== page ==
In January 2011 the PNO Media Pension Fund terminated its US and European equity enhanced-index mandates with Barclays Global Investors and brought the assets in-house. However, it did not go passive – or at least, not in the sense in which most of us would understand the term.

Instead, it took the largest 200 stocks from the MSCI Pan-Euro index and all the stocks from the Russell Top 200 index and equally-weighted them, and now rebalances each portfolio once a year. In November 2011, it set up a similar equally-weighted benchmark for a ‘passive’ emerging markets portfolio with Robeco. All three together account for around one-fifth of the fund’s equity allocation alongside active mandates with FDA, Aberdeen Asset Management, Principal Global Investors, and Lupus Alpha.  

PNO Media’s board always agreed that they wanted a part of their equity portfolio to be managed passively, but fund director Jeroen van der Put recalls the philosophical discussions about what exactly they meant when they said ‘passive’.

First, they decided that a passive strategy should reflect the broad economy in its diversity. While the market cap-weighted index arguably reflects the broad market, the dominance of a handful of stocks at the top ensures that it does not reflect the broad economy. That provided the impetus to move to an enhanced index.

But the second requirement was that it should not have to trade too much and that, when it does trade, it should not risk a negative impact by following market momentum or being forced to buy or sell with the market, mechanically. The market cap-weighted index scores well in terms of volume of trades, but not in terms of the negative impact of its trades – which tend to happen when constituents enter or exit the index. The enhanced index improved on the ‘dumb trading’ aspect, but introduced excessive, costly turnover.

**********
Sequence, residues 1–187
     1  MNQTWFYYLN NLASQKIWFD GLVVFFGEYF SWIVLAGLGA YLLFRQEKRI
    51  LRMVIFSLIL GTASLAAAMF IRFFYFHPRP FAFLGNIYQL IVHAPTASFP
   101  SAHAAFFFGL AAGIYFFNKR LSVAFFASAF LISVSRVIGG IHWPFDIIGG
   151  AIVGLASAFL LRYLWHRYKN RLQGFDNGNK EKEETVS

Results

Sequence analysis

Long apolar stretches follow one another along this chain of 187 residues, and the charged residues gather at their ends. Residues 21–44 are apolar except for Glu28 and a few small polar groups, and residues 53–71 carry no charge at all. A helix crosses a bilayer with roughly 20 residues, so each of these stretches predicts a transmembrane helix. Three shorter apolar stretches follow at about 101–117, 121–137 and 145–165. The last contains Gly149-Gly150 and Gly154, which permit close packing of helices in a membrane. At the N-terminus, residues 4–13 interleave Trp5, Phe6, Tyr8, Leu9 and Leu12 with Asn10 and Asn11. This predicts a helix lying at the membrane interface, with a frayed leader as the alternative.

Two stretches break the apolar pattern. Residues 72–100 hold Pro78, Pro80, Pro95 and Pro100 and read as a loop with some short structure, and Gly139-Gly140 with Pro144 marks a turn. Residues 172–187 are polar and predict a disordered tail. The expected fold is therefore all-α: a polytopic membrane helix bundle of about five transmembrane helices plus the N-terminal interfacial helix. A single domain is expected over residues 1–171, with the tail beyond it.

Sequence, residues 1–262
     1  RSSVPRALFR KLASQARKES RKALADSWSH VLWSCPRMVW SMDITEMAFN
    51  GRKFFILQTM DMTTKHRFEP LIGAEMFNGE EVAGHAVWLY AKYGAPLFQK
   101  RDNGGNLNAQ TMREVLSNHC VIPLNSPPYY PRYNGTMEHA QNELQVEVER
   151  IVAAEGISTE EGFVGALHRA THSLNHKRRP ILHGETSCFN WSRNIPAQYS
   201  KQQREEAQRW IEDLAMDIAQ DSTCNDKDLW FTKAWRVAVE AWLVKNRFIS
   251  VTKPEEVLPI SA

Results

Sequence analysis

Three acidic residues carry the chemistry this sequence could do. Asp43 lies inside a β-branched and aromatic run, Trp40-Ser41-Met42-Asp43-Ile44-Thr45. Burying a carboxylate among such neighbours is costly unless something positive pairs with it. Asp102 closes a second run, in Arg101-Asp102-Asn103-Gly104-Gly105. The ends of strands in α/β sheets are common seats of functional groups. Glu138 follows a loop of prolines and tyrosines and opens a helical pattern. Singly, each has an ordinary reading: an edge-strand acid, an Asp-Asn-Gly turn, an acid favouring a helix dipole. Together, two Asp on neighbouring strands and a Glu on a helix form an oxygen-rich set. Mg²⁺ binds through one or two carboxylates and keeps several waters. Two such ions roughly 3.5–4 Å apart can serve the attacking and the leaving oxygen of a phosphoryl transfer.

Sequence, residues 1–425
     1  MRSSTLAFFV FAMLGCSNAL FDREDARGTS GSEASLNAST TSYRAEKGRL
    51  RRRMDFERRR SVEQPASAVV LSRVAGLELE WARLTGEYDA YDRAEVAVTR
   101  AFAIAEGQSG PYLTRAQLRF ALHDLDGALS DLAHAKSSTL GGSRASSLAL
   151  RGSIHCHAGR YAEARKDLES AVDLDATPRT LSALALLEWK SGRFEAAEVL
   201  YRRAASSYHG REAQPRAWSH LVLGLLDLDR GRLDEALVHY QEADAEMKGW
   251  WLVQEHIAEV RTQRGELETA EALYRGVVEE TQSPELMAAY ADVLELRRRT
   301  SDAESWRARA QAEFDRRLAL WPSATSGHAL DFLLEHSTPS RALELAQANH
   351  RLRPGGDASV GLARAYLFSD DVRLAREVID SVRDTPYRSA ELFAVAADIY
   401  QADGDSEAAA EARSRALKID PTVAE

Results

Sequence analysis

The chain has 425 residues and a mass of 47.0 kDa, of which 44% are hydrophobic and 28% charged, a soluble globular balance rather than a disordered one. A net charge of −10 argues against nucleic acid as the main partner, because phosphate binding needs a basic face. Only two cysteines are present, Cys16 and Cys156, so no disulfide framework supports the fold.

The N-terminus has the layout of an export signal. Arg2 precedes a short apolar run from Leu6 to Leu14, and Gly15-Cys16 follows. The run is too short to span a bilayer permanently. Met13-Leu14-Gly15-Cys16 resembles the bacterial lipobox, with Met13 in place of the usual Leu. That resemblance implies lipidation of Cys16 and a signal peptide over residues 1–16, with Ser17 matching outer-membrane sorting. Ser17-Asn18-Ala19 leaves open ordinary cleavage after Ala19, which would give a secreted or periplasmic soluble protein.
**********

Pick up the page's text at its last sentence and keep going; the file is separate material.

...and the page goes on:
The equally-weighted portfolio, PNO Media decided, is a good compromise on the turnover problem, a clear solution to the diversification problem, and offers the rebalancing effect to counteract the tilt to momentum in the market cap-weighted portfolio. And the case is sealed, Van der Put suggests, by a third requirement.

“You could argue that you are passive if you are not taking a view on expected returns from the market and that you consider all those equities out there as if they were black boxes,” he says. “That leads you towards weighting those equities equally, and to the maximium level of diversification. We thought that was particularly important in a world where black swans come along much more frequently.”

Van der Put talks about the “maximum level of diversification”, but the equally-weighted portfolio is a crude – albeit pretty effective – way to realise that goal. Risk parity and maximum diversification practitioners would point out that equalising capital allocations does not equalise risk allocations (because lower-volatility stocks are weighted equally with higher-volatility stocks), or maximise diversification (because no account is taken of correlations and common factors). While Van der Put acknowledges this – and adds that the fund is looking at the risk-parity concept at the whole-portfolio, multi-asset level – he also draws attention to the problems associated with the optimisation necessary to implement these alternative approaches.